Liechtenstein allows the formation of a company without a bank account, using only cryptocurrency. Amazing Blocks was the first Liechtenstein-based business to make it happen. How does it work, and does it matter?
Amazing Blocks became the first company founded in Liechtenstein with Ether (ETH) as an initial contribution. The company was founded on August 13th; it doesn’t have a bank account and only uses cryptocurrencies. According to the press release, Amazing Blocks offers a service that they call “digital legal entities as a service” – that means they tokenize the shares of legal entities in Liechtenstein.
Founding a company with Ether
Founding a public company (AG) in Liechtenstein requires an initial contribution of 50,000 CHF or 54,000 USD. It also comes at an upfront cost as companies usually need to hire lawyers to put together the documents, and they need a business at a bank.
Amazing Blocks believes if businesses can bypass all of that and instead use cryptocurrencies, the process will become simpler. CEO Sofia Balogianni says, “The process of founding a company should not depend on single entities such as a bank. When founding a startup, it is all about saving time and money, something we want to deliver by being first movers in using crypto assets as an initial non-cash contribution.”
On August 7th, Amazing Blocks deposited 261 ETH as part of its initial contribution. The legal basis was provided by a non-cash contribution agreement to effect registration in Liechtenstein. As cryptocurrencies like ETH are subject to high price fluctuations, the agreement could have been rejected if the deposit sank below the required minimum amount.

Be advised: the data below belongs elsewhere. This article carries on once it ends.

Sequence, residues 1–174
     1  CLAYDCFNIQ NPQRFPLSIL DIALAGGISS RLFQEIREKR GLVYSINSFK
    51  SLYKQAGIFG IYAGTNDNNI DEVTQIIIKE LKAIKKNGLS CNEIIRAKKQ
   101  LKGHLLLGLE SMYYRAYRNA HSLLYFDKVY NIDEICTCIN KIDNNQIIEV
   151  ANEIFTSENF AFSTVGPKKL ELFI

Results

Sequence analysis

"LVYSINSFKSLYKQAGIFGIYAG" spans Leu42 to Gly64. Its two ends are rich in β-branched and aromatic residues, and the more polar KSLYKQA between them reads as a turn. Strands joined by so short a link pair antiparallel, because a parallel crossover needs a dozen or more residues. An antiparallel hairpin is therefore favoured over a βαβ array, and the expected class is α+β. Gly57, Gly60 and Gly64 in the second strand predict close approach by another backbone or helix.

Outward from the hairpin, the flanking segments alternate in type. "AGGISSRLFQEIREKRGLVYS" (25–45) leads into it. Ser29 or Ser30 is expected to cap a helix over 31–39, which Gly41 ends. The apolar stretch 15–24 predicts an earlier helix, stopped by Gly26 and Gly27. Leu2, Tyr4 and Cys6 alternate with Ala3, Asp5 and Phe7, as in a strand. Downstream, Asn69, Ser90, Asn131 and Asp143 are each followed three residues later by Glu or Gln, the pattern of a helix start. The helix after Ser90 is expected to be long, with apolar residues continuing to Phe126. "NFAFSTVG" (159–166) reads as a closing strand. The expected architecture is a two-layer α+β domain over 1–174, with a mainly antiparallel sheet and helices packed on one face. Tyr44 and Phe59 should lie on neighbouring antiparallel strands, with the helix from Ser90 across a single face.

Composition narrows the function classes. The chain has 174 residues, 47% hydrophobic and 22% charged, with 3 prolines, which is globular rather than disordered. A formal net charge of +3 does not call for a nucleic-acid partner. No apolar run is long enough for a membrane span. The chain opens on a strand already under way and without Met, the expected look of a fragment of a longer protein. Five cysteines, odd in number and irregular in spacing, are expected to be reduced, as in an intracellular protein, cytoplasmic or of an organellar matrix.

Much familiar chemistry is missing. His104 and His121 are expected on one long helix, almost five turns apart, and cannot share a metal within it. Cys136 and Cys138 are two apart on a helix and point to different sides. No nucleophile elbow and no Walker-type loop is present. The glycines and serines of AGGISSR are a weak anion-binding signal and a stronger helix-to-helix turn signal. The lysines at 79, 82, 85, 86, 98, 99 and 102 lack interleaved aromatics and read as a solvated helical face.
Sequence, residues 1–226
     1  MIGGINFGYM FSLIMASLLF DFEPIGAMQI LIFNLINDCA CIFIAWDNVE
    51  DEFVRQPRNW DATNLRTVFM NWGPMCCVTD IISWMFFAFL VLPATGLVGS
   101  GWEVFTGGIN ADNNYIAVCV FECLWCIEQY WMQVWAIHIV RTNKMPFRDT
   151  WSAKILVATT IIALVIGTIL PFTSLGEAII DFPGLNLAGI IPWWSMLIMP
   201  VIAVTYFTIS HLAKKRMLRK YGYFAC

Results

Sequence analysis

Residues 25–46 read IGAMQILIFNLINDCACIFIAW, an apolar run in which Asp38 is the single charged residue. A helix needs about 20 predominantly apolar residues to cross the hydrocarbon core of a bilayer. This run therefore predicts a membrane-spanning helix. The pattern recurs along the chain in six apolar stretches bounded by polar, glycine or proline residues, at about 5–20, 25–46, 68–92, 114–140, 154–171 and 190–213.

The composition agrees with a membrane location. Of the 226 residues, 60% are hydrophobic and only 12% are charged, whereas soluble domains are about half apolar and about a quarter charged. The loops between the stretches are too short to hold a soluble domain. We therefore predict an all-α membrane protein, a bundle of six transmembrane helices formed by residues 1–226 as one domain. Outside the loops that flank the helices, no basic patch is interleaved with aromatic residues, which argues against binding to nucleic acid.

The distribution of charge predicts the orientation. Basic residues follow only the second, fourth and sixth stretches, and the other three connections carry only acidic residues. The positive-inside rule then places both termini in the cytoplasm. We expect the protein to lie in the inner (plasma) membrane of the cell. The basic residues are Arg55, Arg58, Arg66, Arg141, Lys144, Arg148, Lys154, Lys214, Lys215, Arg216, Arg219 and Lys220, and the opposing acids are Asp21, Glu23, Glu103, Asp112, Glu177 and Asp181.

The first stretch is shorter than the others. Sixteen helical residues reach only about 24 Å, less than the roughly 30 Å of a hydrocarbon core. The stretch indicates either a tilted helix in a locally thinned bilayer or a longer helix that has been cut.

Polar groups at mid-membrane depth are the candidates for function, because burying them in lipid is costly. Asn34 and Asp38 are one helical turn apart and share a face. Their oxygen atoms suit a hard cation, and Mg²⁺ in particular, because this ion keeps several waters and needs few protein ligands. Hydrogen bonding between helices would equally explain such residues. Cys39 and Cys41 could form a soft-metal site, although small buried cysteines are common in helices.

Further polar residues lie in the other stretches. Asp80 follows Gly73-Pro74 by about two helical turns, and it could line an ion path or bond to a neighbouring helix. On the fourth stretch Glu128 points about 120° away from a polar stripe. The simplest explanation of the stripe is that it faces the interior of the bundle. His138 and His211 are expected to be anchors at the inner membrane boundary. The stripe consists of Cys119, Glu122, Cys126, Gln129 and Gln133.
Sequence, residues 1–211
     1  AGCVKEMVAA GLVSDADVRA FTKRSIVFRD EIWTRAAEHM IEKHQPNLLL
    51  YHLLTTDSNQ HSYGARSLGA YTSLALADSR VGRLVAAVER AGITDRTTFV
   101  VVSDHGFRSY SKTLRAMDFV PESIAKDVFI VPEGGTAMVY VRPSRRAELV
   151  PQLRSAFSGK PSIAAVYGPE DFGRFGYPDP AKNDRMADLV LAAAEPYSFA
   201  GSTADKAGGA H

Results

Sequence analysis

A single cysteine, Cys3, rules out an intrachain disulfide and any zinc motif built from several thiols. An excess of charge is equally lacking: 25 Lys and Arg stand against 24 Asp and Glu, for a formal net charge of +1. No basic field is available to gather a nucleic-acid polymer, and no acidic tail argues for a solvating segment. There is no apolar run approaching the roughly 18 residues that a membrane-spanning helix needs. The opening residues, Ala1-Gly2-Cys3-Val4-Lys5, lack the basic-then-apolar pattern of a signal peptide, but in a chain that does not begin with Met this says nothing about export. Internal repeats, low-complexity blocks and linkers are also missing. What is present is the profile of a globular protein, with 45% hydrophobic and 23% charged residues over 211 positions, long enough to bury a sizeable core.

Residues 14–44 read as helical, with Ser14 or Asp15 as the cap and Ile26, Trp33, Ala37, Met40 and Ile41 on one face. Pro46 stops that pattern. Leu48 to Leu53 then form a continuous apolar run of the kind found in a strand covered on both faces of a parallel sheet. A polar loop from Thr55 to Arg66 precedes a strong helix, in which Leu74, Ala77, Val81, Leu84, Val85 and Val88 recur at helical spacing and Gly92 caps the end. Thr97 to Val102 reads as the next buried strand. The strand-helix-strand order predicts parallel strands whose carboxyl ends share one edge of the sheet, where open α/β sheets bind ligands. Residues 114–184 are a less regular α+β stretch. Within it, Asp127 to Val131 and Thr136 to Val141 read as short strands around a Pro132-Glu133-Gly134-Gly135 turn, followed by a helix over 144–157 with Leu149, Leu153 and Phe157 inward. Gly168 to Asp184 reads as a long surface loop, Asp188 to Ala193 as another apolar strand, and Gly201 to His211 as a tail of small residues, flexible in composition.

Is this the beginning of a new era or a nice PR stunt for Liechtenstein?
The idea is to cut out intermediaries, such as banks or lawyers, as the process is transparent and still follows the legal requirements. As a result, bank accounts might become unnecessary in the future.
According to the press release, “[…] in the near future issuing shares and the respective distribution of voting rights can now be fully automated and standardized through an Ethereum based layer benefitting from smart contracts. Of course, security and legal concerns may arise on whether or not this model is to be trusted, but they can all be jettisoned by the unique technological structure of blockchain. Ultimately, this will lead to much higher flexibility for entrepreneurs and investors.”
If we believe cryptocurrencies are the future of money, then it makes sense to enable businesses to form companies with only crypto. But is it feasible today to run a business only with crypto? Probably not, because you still need a bank account to do business with pretty much everybody.
It does make the formation process easier though because you can work around a bank. It cuts down the cost and the time for forming a business. Once founded, businesses can then choose to open a bank account in any jurisdiction that works for them.
Thus, to conclude: This is probably not a huge breakthrough for crypto, but it’s a step forward – and it’s good marketing for Liechtenstein that it happened here first.